For most of us, even the accreditation of voters should be electronic to curb the ongoing issues of multiple voting or overvoting. The second issue is the excessive monetisation of the electoral process. The proposal before National Assembly is to move the limit of campaign expenditure for the presidency from N5bn to N15bn, governorship from N1bn to N5bn, Senate to N1.5bn, House of Reps to N500m, State House of Assembly and Area Council Chairmanship to N50m.
The real challenge is in monitoring of this expenditure cap and enforcement of the provisions of the law. A clear case of negative impact of monetisation in our politics can be seen in the alleged bribery of INEC officials to the tune of N360m in the 2015 elections by a South-South governor. He did this knowing fully well that these corrupt officials can easily manipulate the system to his advantage. If electronic electoral processes are adopted, these types of assault on our electoral system will be minimised, if not completely eliminated.
For many Nigerians, some of the manual processes in our elections are susceptible to manipulation, so there should be electronic accreditation using the card reader backed by law, electronic counting of votes, electronic transmission, and electronic collation of results. Another area of concern is the confirmation of exclusive jurisdiction in pre-election matters on the Federal High Court. Understandably, the proponents of this rule want to reduce election-related litigation for the interest of our political class and our courts, which are currently overstretched.
Many politicians in Nigeria suffer from the double jeopardy of losing elections after spending so much but equally of bleeding cash through endless litigation. A critical look at this provision of the proposed amendment of the Electoral Act will conclusively show that leaving jurisdiction on electoral matters, solely with the Federal High Court would not be the best for the country.
It is a fact that most of the election cases in the country are time-bound and must be concluded within a brief time. So, when only the Federal High Courts are allowed to adjudicate on pre-election matters, we are likely to have an ugly situation where many cases would linger for a while whilst waiting to be taken care of within the short period. And if we put judges under undue pressure to give judgements to meet up with time, it leads to half-baked litigations and unsound pronouncements by the judges.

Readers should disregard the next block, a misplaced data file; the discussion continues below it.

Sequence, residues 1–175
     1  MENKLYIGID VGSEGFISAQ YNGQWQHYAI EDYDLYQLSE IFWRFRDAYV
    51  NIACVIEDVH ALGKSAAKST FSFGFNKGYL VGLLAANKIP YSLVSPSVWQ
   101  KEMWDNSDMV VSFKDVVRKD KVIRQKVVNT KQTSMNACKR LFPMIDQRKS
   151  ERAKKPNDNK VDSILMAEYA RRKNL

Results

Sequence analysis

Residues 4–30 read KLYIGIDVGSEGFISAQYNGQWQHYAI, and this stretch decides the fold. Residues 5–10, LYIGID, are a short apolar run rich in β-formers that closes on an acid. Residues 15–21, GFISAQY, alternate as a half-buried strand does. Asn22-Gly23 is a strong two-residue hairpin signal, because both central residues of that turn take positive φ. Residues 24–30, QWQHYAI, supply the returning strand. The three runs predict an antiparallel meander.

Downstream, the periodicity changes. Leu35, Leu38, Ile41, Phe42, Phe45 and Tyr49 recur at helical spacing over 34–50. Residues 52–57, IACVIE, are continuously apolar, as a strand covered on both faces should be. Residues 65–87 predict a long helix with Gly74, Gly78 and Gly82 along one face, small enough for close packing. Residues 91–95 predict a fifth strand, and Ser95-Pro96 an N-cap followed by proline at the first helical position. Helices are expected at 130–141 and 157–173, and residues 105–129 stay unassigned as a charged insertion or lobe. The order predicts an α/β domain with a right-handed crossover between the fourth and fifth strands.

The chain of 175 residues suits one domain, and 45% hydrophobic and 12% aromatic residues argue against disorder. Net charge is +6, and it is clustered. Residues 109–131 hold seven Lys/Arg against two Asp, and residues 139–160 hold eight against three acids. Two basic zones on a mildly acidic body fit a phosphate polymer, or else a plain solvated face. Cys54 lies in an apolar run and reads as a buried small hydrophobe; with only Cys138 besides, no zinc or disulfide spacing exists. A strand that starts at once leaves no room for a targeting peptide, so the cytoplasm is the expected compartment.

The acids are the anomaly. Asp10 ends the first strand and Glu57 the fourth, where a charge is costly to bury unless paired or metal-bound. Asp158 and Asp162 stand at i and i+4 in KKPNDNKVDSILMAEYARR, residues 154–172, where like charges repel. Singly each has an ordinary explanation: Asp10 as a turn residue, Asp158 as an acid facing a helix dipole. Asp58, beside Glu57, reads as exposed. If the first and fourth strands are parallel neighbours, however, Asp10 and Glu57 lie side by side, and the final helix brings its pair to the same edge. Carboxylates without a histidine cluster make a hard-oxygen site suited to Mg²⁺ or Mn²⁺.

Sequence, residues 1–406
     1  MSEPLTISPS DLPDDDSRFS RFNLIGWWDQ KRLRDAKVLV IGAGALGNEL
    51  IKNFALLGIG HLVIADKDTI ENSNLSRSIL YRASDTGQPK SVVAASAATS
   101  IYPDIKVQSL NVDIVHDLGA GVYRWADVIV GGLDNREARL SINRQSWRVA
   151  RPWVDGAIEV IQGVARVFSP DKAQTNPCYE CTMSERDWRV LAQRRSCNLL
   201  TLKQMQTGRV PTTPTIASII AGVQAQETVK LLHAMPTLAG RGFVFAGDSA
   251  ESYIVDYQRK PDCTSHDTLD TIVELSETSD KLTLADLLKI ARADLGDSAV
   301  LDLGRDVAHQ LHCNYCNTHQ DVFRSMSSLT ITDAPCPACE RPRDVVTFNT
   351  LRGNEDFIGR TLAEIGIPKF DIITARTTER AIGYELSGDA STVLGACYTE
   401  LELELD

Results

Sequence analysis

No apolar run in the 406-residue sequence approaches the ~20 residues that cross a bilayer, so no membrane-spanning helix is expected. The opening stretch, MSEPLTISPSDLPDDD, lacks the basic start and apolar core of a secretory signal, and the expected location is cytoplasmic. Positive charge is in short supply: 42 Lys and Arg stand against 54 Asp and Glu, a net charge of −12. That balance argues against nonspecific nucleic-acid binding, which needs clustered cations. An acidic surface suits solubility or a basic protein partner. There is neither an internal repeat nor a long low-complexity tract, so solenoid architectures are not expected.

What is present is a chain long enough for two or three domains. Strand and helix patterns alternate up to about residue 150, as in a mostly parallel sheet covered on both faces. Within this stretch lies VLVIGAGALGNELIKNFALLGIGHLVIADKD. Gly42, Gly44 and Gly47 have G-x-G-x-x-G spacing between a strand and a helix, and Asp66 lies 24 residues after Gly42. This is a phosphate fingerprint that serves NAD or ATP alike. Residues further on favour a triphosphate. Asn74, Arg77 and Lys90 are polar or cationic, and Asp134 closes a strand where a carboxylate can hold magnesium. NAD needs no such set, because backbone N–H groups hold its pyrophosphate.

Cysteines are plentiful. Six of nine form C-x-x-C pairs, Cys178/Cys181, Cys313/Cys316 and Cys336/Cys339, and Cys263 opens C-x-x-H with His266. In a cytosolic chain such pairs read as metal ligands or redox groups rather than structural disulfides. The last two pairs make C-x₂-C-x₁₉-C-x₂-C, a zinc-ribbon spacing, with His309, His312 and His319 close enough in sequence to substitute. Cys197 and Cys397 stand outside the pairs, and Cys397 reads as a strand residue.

Also causing some rumpus in the proposed bill is the removal of INEC’s power to review results declared under duress or in contravention of electoral laws and guidelines as contained in section 65 of the proposed legislation. For many political analysts, INEC is to review results declared under duress to reduce the level of electoral malpractices that have become so common in our country, which demeans our electoral process and discredits our fledgling democracy.
This proposed clause in the legislation would require serious scrutiny as it has its pros and cons. Forcing an electoral official to declare result under duress is a criminal offence. The real challenge is in enforcement of laws against criminality. We had a case in the last election in Imo State where an INEC Returning Officer lamented before the press that a senatorial candidate had allegedly kidnapped him and forced him to announce his ‘acceptable’ result. This example is deplorable and abhorrent.
To get it right and for our democracy to flourish, our laws should reflect the will of the people and strengthen our democratic process. Our leaders, especially our lawmakers, should realise that many laws they make today would go beyond their tenures, even their lifetimes. So, it becomes imperative that the process of law-making should be covertly and overtly patriotic and devoid of partisan, tribal or primordial sentiments.
Like the wrestling in the southern part of Nigeria mentioned earlier, electoral engagement rules must be clear to all, both the initiated and uninitiated. Electronic voting and transmission of the results are necessary and should be added to the Electoral Act.